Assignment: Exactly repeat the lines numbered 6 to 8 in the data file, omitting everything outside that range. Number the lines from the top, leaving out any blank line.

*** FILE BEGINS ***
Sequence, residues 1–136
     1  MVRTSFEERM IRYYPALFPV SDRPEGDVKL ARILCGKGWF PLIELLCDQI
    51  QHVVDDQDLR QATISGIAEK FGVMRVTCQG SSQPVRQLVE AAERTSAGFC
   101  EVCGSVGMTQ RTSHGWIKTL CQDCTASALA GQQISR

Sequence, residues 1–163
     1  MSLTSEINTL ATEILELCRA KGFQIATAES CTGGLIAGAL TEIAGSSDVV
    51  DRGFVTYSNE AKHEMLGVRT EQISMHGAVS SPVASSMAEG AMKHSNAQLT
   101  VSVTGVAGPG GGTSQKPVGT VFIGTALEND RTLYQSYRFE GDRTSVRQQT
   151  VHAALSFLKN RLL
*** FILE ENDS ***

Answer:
     1  MSLTSEINTL ATEILELCRA KGFQIATAES CTGGLIAGAL TEIAGSSDVV
    51  DRGFVTYSNE AKHEMLGVRT EQISMHGAVS SPVASSMAEG AMKHSNAQLT
   101  VSVTGVAGPG GGTSQKPVGT VFIGTALEND RTLYQSYRFE GDRTSVRQQT